Absurdly adorable pizza place with a lovely patio space. I’m a sucker for good lighting and paving stones (oh, and the pizza was also legit).

Nothing like ordering a whole pizza for myself

Nomad Skybar
This place is in a really fun location right on one of the main restaurant/club areas. It’s a bit seedy of an area, the “old town” but still one you are bound to visit if you’re doing any kind of nighttime activity in Bucharest. Nomad was fun because the rooftop allowed for some great views of the city and people watching below (also with tasty apps and drinks!)

Brașov

After my week in Bucharest I hopped the train, 2.5 hours, up to Brașov, Transylvania. It’s surrounded by the Carpathian Mountains and is known for it’s medieval walls, the Black Church, and a beautiful Council Square. It’s so adorable with cobbled streets and an entire street dedicated to outdoor restaurant seating. Oddly, it has a Hollywood-esque sign on the mountain side that totally takes away from the historic air but I liked the quirkiness of it.

See the Brasov sign?

You won’t need more than a day, maybe two, here. I only spent the one night before moving on, but I enjoyed putzing around the little town. The free walking tour available was quite good as well.

View of Brașov from the sign. Can you see the main square below?

Not surprisingly, one of the main things to do is go to the top of the mountain to view the city. There’s a platform literally right next to the Brașov/Hollywood sign which I found lovely and hilarious. The views are truly amazing though. You can either hike the whole thing or, after a short beautiful walk, you can just ride a cable car to the top.

Edge of the sign from the viewing platform

Piața Sfatului, or the Council Square, is a lovely place to chill out and people watch. It’s clearly the most central part of the city with great views of the mountains, cafes, a fountain and historical buildings. People use this as a meeting place and the vibrancy of the city shows here. I grabbed a snack at La Ceaun which wasn’t bad but wasn’t great either. The vibe made it worth it, though.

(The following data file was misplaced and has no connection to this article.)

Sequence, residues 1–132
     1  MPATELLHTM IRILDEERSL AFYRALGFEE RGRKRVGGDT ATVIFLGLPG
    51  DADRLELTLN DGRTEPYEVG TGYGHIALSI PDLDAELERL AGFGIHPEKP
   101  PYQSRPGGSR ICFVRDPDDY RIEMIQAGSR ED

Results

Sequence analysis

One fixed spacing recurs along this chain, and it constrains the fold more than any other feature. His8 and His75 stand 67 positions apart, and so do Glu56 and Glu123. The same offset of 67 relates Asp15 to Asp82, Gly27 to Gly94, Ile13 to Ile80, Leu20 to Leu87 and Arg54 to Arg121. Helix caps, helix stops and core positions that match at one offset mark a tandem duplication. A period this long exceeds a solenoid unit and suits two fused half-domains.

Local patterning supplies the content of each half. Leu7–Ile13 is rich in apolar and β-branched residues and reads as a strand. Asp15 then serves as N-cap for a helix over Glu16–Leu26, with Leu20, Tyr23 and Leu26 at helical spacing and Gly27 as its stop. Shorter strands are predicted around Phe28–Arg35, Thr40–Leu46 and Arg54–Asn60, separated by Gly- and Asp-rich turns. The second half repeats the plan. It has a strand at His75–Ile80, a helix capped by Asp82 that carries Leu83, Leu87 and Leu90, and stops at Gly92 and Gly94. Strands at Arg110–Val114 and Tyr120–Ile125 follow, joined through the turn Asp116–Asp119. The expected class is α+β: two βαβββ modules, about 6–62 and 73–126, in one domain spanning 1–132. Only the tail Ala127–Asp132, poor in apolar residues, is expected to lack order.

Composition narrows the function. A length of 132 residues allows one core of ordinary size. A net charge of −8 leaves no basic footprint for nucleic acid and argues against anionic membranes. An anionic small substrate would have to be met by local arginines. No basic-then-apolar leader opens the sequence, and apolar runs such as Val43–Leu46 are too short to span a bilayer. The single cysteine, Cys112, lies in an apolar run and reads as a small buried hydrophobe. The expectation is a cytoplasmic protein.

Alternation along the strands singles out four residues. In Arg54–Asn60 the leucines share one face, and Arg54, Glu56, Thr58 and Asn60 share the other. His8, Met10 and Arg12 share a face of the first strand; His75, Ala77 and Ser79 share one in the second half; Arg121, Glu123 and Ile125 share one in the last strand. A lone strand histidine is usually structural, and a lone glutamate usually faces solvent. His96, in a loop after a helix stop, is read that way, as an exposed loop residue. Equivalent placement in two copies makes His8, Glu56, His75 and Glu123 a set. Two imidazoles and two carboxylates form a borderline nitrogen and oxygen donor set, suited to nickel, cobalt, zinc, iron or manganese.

I stayed the night at a hostel up the hill (Kismet Dao – I think it might be closed now) which was fine but not something I would specifically recommend unless you are a legit 20-something backpacker. I left early, opting to walk the almost 3 miles to the train station. Seeing the town square at dawn was really quite amazing and I’m glad I tired out my feet to do so.

There were a few more things I could have done in Brașov, but I opted to head to one of the many castles of Transylvania. Now – I had a few options and one of those was, notably, Bran Castle or “Dracula’s Castle”.

I skipped it.

I decided I didn’t need the tourism – it had very heavily mixed reviews – and instead headed for what was touted to be the far better castle in Sinaia.

Sinaia

Best known for it’s castle and a ski resort town, Sinaia was relatively sleepy while I was there. But that didn’t bother me in the least. I was there at the true peak of the fall foliage and the beautiful of the oranges and yellows were incredible.

My train to Sinaia was uneventful and I made it easily to my B&B, Vila Camelia. It’s super easy to get to from the train and I had an adorable top floor room with a balcony. The food was excellent. I loved the little spot and would highly recommend.

My balcony with a view ❤

It didn’t take me long to settle into the B&B and then walk up to Peleș Castle. I inadvertently took the scenic route (zigged when I should have zagged) and the road was steep but it was still a nice walk with great views up to the castle.